Nutcracker Faire provides artisans place to sell wares

The Homer High School Commons buzzed like a holiday-themed beehive during the Nutcracker Faire sponsored by the Homer Council for the Arts on Dec. 3-4.

Craftspeople and a variety of other vendors packed booths into the Commons and the gymnasium at the high school, maximizing shoppers’ opportunities for finding locally made holiday goods.

The Nutcracker Faire morphed out of the Renaissance fair that the HCOA ran alongside the Nutcracker Ballet, said Nutcracker Faire organizer Cindy Nelson. After the Nutcracker Ballet production left its incubator, HCOA continued to sponsor an accompanying holiday fair. Nelson estimates the Nutcracker Faire began in the early 1990s. In 2016, more than 100 volunteers helped support the fair, doing everything from assisting vendors with setting up booths to ensuring that the products sold at the fair are 100 percent produced on the Kenai Peninsula.

To keep dedicated shoppers from dropping while on their holiday missions, local restaurants and individual food vendors manned booths with beverages, and sweet and savory refreshments. Recently opened coffee shop Latitude 59 and its sister-restaurant Little Mermaid served up pulled pork sandwiches and seafood rolls.

The Christmas shopping extravaganza this year featured a wide variety of locally made gifts and treats, including artwork, jewelry, toys, artisanal foods, musical instruments, pottery, and books.


A whale of a time

Abigail Kokai came to Homer as an artist-in-residence about a year and a half ago and, after another residency fell through, she took a job offer to run a shop on the Spit and has stayed put. A little over a year ago, she started a Kickstarter campaign to cover the cost of starting a business making stuffed denim whale toys, which has taken off quickly in and outside of Homer as Homer Whales.

“I didn’t want to start a business, but it happened,” Kokai said.

It started with an idea for an interactive whale sculpture that would spray water and other fun functions, which Kokai scrapped without the available resources to complete it. Then followed a pair of second-hand jeans that she turned into two stuffed whales and placed for sale at the shop on the Spit she worked in. Then someone donated a whole box of old denim to her and it spiraled from there.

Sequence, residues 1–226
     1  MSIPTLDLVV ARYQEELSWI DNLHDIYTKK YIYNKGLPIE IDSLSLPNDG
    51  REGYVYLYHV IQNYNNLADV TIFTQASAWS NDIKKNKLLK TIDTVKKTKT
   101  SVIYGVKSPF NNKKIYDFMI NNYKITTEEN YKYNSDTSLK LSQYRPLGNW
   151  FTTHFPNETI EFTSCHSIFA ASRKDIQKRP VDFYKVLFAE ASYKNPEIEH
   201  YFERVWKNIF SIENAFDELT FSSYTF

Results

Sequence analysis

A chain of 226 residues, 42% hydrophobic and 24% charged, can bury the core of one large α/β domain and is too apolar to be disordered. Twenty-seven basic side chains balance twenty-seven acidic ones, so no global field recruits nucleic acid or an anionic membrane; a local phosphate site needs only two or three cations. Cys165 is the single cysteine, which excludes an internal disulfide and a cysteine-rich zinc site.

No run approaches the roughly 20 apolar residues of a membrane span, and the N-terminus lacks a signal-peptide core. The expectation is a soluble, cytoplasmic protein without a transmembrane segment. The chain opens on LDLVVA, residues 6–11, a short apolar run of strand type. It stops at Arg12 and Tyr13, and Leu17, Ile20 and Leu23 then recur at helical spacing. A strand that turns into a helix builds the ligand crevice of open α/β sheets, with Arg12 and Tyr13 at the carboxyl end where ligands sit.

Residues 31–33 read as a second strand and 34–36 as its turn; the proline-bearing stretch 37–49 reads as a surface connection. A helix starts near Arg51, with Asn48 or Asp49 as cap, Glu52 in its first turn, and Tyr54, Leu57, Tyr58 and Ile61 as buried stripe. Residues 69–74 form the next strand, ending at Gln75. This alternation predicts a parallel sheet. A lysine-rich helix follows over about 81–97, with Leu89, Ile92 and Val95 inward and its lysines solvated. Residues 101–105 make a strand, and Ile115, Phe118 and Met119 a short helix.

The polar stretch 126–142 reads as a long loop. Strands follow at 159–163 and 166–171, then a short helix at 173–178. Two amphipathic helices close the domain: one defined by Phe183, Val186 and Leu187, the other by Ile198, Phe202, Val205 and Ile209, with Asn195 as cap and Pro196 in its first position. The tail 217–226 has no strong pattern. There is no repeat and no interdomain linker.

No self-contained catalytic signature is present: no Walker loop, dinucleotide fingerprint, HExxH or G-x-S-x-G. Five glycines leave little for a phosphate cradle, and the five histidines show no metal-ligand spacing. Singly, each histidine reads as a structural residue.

“It’s a full-time job,” Kokai said. “I make whales now.”

Seven stores in Homer and a total of 25 across the state of Alaska sell Kokai’s stuffed denim whales, which come in a wide variety of textures, colors, sizes and types of whale. Kokai offers newborn whales, small and medium fin whales, small beluga whales, small and medium orca whales, giant whales, and even has Homer Whale magnets.

Though Homer Whales is a business Kokai never intended to start in a town she only intended to reside in temporarily, she feels she is part of the ranks of people who come to Homer and happen upon home. She is especially grateful for the community she has found.

“There is a sense of community that I’ve never experienced anywhere else,” Kokai said. “This place has been very generous to me and I appreciate that.”


Knock on wood

Paul Pellegrini returned to Homer on Friday, Dec. 2 just in time to set up his Nutcracker Faire booth after fighting a wildfire in North Carolina as a State of Alaska Wildland firefighter.